Warriors and soldiers are passionate? But that is merely focus. They are controlled and they are driven. They believe, but this is not passion. Passion sort of excludes belief.

Halloween History and Tradition in Tradition


Halloween is very much ingrained in our collective unconscious, and has a very long history. It was basically the Celtic New Year (Samhain). Like the Norse legend of the world being born of ice, they see winter as the first season, not the last (or rather they did). Halloween is more like the traditional Thanksgiving. This is why they had an act of remembrance, and would set places at the dinner table for their recent dead who in that day and age very likely helped with last years crop, anyway.

There is a lot of symbolism connected to Halloween, and a lot of pagan concepts are linked to Halloween. The Christian notions are sort of late comers to the holiday, though the name for the holiday itself is of Christian origin. The Celts believed that all souls who passed regardless of moral virtue, passed into the underworld which wasn’t hell. It was more like the Native American concept of the happy hunting grounds. A spiritual existence much like life though not as impoverished necessarily, but they weren’t the only things that dwelled in the underworld. The fae, also called sith, were native to that realm too, and at Halloween (which they saw as the end of the year) the barrier separating the underworld from the living world was weak enough to allow passage. The concept of the underworld came from the observation of recurrent plants blooming, and hibernating animals returning from who knew where back then. So the underworld was both where we buried the dead, and where new life came from.

Many of the practices that get blamed on modern culture actually started earlier than now, though they weren’t blown out of proportion. The practice that we now call “trick or treating”, actually, was more like the modern practice of Christmas carolling. The concept of guising (costuming yourself) was to avert the malicious attention of restless dead or fairies. The children would go out costumed as scary things, but rather than threatening to trick unless they got a treat, they would entertain (sing or what not). The children would entertain to earn food, not to coerce it. It was the harvest festival, so it was the time when the neighbours actually had anything to share. If not food, then money which would be spent on food.

There was another holiday that got confused with this, but it was more like April fools. It was Mischief Night, and was November first since this was the start of the year. Nobody performed mischief on Halloween in the old days, as it would be considered bad luck. Mischief Night arose among Catholic cultures. They could do penance after, similar to the concept of a black mass. The cultures who had converted weren’t necessarily happy about it.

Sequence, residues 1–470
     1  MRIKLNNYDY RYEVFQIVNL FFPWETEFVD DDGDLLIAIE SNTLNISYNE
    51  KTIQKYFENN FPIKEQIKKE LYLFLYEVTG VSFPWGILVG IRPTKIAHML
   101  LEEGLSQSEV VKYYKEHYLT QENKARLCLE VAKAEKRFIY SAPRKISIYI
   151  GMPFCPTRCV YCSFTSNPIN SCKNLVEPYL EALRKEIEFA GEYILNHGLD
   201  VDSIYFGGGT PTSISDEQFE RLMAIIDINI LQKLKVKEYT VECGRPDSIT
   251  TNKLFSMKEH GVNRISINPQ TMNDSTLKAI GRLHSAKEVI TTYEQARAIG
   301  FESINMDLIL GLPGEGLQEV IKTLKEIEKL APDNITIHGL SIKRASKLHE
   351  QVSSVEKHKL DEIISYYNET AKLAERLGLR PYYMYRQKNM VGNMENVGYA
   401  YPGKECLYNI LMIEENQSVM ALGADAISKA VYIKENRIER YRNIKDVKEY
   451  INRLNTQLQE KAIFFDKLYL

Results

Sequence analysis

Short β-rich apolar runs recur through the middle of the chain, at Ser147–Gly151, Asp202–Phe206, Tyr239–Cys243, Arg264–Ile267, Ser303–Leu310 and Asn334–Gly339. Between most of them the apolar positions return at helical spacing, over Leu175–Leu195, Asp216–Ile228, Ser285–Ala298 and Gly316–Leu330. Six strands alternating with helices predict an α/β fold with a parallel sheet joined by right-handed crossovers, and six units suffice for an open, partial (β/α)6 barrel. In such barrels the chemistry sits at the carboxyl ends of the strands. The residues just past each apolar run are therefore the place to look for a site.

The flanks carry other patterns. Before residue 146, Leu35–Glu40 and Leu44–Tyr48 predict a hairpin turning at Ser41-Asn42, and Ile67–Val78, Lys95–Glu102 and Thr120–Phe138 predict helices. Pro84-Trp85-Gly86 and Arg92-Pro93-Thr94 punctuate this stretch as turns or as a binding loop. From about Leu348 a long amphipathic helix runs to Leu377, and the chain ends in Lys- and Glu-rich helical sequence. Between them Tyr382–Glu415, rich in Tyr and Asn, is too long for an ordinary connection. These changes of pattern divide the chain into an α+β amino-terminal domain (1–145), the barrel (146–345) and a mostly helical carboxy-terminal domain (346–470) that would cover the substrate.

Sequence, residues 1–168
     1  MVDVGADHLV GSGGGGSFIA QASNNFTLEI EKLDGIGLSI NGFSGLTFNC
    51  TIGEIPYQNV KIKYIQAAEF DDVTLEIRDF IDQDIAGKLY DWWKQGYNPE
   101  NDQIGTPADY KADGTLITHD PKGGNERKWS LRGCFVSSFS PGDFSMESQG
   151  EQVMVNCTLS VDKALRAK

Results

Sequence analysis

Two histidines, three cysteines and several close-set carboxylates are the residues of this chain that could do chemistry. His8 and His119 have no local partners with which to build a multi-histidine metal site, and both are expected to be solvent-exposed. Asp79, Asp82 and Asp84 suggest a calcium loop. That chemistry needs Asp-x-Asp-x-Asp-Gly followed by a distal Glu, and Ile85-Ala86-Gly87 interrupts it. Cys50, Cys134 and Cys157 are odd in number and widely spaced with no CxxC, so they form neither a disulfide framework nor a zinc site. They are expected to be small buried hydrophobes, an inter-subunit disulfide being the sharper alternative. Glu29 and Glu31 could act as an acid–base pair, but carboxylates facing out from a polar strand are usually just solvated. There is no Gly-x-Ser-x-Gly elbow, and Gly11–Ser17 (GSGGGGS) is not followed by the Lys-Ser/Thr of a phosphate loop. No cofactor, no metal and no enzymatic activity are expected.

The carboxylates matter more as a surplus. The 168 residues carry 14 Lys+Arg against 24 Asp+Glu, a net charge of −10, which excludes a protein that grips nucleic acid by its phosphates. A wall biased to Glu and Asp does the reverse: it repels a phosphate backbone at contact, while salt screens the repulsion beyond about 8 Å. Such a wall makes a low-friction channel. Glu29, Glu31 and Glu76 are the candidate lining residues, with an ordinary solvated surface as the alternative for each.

On Halloween, they would costume themselves to “blend in”. They had observed back then that more death occurred around Halloween as things began getting cold, believing that illness or crop blight were from malice of the spirits. This is also why gargoyles were created, and some of the more macabre art on crypts and tomb stones was crafted. Not to appease the spirits, but often to scare them. It was believed (modern parapsychology has seemed to back this up) that the dead are easily confused and can behave in “malicious” ways not necessarily from anger or hate, but because their life and properties are no longer there’s. They really thought they could take it with them as there were too many stories of people trying. So they mistake lands and live stock, sometimes even people, as being from when they were alive. A grim reaper image in the graveyard was to remind them they were dead.

Also, like many cultures that practiced (and some who still practice) ancestral piety (respect and honouring of their dead), it was believed that the underworld and the events there affected our world. This is why dreams were believed to be prophetic. Sleep was considered a little death, and your mind, or soul (psyche in Greek actually means soul) journeyed to the underworld while you slept. So during Halloween, they had many forms of divination they practiced, believing that they were more likely to receive answers from the other side then, and could anticipate the coming year.